An international team of scientists and researchers led and funded by NASA began research in the famous volcano off the island of Santorini on Wednesday night.
The team, comprised of Greek, American, Australian and German scientists, will conduct its research in the underwater volcano of Koloumbo.
The vessel being used during this expedition is the Greek-owned DP-2 CLV “Ocean Link,” lent to the scientists for their research by a Greek company.
The scientists are expected to stay in the area for a week, in what is seen as a test of new technologies by NASA.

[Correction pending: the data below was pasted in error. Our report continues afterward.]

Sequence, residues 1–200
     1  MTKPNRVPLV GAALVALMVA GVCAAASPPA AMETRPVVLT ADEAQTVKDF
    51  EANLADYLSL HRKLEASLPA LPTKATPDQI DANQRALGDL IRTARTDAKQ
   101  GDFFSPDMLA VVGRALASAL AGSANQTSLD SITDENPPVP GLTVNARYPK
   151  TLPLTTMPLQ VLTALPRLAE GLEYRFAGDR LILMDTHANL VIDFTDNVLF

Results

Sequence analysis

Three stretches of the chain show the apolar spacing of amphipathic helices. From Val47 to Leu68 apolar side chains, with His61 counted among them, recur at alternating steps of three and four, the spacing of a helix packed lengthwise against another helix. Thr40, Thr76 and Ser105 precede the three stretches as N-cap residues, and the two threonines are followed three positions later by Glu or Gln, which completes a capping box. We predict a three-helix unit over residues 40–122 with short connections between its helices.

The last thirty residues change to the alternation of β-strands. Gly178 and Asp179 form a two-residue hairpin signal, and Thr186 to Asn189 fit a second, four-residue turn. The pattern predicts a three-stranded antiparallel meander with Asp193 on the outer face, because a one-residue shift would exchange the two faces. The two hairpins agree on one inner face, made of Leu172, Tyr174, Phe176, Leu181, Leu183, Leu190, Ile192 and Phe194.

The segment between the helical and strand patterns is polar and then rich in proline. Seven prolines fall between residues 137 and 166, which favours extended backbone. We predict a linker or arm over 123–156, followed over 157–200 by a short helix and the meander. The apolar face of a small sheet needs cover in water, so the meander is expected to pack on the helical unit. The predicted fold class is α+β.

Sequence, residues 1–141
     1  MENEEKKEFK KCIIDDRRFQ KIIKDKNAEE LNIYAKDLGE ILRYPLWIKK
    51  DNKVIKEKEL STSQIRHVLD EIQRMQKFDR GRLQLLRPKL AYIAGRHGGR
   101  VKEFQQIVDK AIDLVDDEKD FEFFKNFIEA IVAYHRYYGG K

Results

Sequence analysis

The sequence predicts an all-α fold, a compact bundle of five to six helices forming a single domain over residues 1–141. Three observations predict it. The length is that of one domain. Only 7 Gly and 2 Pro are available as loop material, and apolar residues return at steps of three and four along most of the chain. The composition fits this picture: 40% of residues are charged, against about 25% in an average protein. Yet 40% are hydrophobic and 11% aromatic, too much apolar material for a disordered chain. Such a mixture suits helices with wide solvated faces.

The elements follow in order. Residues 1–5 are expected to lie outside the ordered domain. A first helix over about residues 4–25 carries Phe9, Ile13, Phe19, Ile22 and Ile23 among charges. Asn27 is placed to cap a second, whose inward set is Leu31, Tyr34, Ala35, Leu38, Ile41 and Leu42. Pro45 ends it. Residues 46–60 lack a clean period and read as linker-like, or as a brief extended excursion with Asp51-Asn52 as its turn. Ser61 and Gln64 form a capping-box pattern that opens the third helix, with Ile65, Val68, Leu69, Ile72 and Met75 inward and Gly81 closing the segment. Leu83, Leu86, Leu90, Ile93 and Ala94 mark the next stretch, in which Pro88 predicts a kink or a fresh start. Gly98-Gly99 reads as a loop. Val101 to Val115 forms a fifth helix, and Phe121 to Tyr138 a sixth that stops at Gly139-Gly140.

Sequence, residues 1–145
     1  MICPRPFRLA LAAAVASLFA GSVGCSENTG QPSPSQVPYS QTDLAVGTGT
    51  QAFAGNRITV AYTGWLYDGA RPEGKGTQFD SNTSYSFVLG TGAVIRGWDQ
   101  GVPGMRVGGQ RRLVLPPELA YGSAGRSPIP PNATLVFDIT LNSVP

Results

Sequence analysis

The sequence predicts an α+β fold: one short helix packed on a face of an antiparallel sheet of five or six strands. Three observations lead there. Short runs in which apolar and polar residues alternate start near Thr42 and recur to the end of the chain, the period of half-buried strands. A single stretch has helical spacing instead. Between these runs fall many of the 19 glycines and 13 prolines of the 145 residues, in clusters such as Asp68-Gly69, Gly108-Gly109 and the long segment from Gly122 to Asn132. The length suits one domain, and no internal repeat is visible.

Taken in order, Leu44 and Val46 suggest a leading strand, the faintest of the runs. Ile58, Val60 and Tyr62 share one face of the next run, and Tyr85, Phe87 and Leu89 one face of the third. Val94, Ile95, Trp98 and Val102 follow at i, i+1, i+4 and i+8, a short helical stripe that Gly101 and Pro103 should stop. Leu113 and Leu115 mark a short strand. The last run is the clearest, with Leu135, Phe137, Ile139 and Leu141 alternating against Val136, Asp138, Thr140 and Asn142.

The research will use advanced technological tools which NASA hopes to use in expeditions of extraterrestrial oceans on Enceladus and Europa, both satellites of the planets Saturn and Jupiter.
The Santorini research will make use of a range of autonomous underwater vehicles, whose abilities will be tested to determine whether they could help NASA’s future plans on these inhospitable satellites in the coming decades.
The research has brought together people from the National and Kapodistrian University of Athens, Woods Hole Oceanographic Institution of Massachusetts, the University of Michigan, the University of Sydney, MIT, and the Institute of Marine Biology, Biotechnology, and Aquaculture of the Greek Center for Marine Research.